(Orthostatic Tremor is a neurological disorder of the cerebellum, causing the inability to stand without leg tremors, feelings of instability, and imbalance with gait freezing, tremors cease when walking, sitting, or laying down.)
Dedicated to my fellow Orthostatic Tremor warriors in need to be heard.
I hope for researchers, neurologists, physicians, and all health care providers to lean in for a better understanding of this very rare mostly unheard-of neurological disorder we call OT for short or POT for Primary Orthostatic Tremor.
Blog #1) Introduction to Orthostatic Tremor
For understanding this is the characteristics of OT as described by (NORD)The National Organization of Rare Disorders;
The main symptom of primary orthostatic tremor is the occurrence of a rapid tremor affecting both legs while standing. A tremor is involuntary, rhythmic contractions of various muscles. Orthostatic tremor causes feelings of “vibration”, unsteadiness or imbalance in the legs. The tremor associated with primary orthostatic tremor has such high frequency that it may not visible to the naked eye but can be palpated by touching the thighs or calves, by listening to these muscles with a stethoscope, or by electromyography. The tremor is position-specific (standing) and disappears partially or completely when an affected individual walks, sits or lies down. In many cases, the tremor becomes progressively more severe and feelings of unsteadiness become more intense. Some affected individuals can stand for several minutes before the tremor begins; others can only stand momentarily. Eventually, affected individuals may experience stiffness, weakness and, in rare cases, pain in the legs. Orthostatic tremor, despite usually becoming progressively more pronounced, does not develop into other conditions or affect other systems of the body.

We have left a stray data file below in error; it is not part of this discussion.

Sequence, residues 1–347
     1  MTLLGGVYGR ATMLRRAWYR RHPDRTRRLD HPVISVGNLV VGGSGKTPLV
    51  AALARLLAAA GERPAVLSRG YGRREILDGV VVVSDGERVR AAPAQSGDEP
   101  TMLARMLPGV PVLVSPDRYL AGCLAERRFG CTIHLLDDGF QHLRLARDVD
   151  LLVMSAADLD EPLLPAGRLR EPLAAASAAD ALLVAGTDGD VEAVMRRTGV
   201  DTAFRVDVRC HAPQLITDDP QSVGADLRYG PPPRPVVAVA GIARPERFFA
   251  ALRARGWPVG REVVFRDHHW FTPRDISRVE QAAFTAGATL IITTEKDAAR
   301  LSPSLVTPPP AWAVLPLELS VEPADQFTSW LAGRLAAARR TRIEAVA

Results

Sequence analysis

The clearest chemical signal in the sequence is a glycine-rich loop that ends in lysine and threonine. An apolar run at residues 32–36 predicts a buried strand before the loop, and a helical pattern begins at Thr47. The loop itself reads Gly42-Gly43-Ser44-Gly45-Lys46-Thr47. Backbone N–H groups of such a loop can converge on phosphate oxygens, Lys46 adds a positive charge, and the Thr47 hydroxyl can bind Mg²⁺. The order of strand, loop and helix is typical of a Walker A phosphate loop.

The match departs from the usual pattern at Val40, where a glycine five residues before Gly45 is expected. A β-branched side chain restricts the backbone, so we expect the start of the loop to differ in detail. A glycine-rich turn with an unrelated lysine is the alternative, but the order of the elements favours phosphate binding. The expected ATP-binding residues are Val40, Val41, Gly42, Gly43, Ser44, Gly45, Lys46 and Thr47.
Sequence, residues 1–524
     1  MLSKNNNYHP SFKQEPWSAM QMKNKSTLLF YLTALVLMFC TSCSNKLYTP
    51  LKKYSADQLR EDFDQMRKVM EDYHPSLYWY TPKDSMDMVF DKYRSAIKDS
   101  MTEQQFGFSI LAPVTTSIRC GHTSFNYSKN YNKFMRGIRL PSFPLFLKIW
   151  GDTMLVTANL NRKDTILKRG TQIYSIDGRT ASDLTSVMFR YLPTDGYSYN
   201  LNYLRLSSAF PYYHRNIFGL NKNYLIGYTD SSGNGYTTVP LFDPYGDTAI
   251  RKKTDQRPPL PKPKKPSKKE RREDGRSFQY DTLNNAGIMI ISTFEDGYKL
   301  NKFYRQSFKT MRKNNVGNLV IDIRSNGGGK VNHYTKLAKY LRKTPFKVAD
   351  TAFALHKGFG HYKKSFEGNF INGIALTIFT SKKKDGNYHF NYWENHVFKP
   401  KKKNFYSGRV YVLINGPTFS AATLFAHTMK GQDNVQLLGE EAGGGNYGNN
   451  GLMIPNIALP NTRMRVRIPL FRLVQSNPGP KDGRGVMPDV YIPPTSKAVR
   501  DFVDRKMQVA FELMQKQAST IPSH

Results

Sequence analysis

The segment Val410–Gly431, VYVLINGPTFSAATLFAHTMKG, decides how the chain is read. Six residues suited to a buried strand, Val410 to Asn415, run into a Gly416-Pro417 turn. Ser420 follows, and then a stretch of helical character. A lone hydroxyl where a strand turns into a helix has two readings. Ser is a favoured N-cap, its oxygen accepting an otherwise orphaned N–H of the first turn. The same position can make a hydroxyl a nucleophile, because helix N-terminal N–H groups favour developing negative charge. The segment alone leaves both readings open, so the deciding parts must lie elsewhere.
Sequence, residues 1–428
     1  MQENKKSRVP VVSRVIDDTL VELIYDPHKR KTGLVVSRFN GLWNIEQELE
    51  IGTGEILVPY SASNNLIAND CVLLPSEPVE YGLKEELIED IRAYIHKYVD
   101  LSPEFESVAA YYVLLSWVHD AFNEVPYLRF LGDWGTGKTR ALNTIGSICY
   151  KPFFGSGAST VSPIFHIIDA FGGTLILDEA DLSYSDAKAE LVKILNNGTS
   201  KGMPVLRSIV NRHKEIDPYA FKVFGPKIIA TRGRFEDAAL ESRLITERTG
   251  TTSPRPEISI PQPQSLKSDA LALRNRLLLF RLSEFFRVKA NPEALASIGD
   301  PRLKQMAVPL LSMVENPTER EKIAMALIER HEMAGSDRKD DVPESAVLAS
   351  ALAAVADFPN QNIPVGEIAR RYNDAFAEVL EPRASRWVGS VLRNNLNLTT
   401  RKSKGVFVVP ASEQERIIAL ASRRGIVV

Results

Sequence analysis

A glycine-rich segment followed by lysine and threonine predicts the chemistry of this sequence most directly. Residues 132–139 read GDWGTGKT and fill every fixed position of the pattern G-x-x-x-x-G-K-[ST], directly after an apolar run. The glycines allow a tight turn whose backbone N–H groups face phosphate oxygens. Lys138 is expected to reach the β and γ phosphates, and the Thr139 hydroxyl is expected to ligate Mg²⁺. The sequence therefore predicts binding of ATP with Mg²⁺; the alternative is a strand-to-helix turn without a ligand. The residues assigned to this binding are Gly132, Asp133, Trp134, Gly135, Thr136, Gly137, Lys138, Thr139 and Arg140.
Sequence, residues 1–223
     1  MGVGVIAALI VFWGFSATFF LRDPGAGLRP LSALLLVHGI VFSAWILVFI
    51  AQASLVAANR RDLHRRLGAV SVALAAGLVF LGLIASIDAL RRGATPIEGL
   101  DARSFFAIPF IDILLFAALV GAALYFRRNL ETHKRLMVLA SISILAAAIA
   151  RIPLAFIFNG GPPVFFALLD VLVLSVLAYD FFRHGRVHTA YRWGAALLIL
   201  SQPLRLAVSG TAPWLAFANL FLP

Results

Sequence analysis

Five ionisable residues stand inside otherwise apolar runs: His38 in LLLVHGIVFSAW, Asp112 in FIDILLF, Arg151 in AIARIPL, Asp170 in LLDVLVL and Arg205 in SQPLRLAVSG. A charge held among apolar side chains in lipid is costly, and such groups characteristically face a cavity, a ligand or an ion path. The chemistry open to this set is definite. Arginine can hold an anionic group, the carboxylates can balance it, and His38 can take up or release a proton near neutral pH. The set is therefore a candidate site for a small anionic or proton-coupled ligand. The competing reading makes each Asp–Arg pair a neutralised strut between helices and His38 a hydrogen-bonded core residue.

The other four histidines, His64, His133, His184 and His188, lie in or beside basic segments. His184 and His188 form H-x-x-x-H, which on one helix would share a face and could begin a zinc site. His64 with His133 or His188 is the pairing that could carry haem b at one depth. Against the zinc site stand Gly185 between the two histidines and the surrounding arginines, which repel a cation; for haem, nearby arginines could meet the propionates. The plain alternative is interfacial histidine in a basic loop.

Some affected individuals may also have a tremor affecting the arms. In one case reported in the medical literature, overgrowth of the affected muscles (muscular hypertrophy) occurred in association with Primary Orthostatic Tremor.
In short – we can’t stand or we are very limited in standing for any length of time. It causes a very anxious feeling in public settings and we are at an absolute loss for a logical way to express for understanding. It affects elders as well as the young, but primarily elders (60s and over) This neurological disorder of Orthostatic Tremor is progressive.
The rarity is astonishing just through my observations, by way of support groups being few. If I look for support groups within my autoimmune Sjogren’s community, there is a massive amount of support groups and in those support groups, there are 1000s within each group. When an inquest post is made there can be 100 responses or so within an hour. I thought Sjogren’s was somewhat rare with an estimate of around 4 million in America. When I searched for a support group within the ranks of Orthostatic Tremor disorder, I found only a couple of groups in America of around 200 – 300 in numbers with infrequent activity. I am now active on a global one out of Australia called Primary Orthostatic Tremor that has around 900 or so in number. This includes relatives who keep up with interest in their loved ones. They are a very proactive group that bonds together with encouragement. Sharing their stories that lend great help to the newer ones like myself. These support groups, because they have members who have had Orthostatic Tremor for many years can serve with more information than most physicians who know absolutely nothing about it. My team of caregivers (PCP, endocrinologist, rheumatologist and, nurse practitioner) all of who I have great confidence in, had never heard of Orthostatic Tremor.